TEXAS CITY, Texas -- Flood-stricken Texans living in high-risk flood areas, also known as special flood hazard areas, who have the foresight to purchase flood insurance from the National Flood Insurance Program (NFIP) may be eligible for coverage under their policy for increased cost of compliance to help cover the cost of elevating, demolishing or relocating their homes or businesses out of the floodplain in the event of a future flood event.
NFIP Increased Cost of Compliance (ICC) coverage may provide up to $30,000 to offset homeowner and business costs associated with bringing the structure into compliance with a community's floodplain ordinance.
Brad Harris, the federal coordinating officer for Hurricane Ike recovery efforts said, "Residents with flood insurance have already taken an important first step in dealing with their flood-risk situation. These funds will help with additional costs that will produce long-term savings by reducing future risk."
The ICC program relies on local authorities, such as flood plain administrator or building official to determine if a building has "substantial damage."
Substantial damage occurs when a locality determines that a structure is damaged due to flooding to the point that repairs will cost 50 percent or more of the building's pre-flood market value.
ICC funds may be used to elevate the building to or above the base flood elevation adopted by the community, relocate the building out of the floodplain, flood-proof non-residential buildings, or demolish a damaged building. Repairs and rebuilding done under this coverage must be done in accordance with local building codes and must comply with local floodplain ordinances.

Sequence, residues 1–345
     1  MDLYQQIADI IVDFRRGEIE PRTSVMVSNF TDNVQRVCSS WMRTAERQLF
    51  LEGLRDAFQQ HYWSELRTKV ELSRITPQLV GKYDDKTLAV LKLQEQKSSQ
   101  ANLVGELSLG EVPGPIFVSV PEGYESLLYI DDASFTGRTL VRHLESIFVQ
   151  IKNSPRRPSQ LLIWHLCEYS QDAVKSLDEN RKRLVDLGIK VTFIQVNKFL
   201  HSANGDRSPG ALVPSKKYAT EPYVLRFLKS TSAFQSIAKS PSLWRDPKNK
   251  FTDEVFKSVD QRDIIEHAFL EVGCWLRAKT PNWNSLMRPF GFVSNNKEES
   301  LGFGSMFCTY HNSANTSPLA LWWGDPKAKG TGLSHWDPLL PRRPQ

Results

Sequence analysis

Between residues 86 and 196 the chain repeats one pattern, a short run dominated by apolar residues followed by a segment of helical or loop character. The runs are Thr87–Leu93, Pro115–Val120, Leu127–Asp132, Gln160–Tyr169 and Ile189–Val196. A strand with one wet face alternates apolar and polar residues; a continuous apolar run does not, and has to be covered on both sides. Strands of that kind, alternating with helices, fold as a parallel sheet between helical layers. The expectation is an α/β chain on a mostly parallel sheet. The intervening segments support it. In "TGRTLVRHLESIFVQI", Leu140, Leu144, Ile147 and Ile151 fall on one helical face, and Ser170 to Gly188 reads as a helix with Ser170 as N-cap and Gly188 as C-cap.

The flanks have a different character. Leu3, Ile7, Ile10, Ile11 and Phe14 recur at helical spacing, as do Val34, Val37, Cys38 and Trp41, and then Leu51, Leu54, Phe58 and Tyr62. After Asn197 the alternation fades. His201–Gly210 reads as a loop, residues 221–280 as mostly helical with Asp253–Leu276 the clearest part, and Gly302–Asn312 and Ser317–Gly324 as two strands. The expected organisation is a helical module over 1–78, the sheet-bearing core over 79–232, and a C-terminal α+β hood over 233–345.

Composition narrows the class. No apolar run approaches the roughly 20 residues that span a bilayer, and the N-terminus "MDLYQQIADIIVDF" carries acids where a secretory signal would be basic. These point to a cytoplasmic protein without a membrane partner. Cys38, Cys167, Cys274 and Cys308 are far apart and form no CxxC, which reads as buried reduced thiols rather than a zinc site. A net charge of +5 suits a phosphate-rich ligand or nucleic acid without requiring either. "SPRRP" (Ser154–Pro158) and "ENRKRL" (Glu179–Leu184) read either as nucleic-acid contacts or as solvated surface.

While ICC claims are adjusted separately from flood damage claims, it is only available on substantially damaged or repetitively damaged structures. The maximum amount collectible for both the ICC and the physical dwelling damage from regular flood insurance cannot exceed $250,000 for a residential dwelling or $500,000 on a commercial building.
The first step is to contact a local official who must determine that the structure has been substantially damaged. This can be done when a building permit is applied for to repair the structure. Once the determination is made, call your insurance agent to file an ICC claim.
FEMA's mission is to support our citizens and first responders to ensure that as a nation we work together to build, sustain, and improve our capability to prepare for, protect against, respond to, recover from, and mitigate all hazards.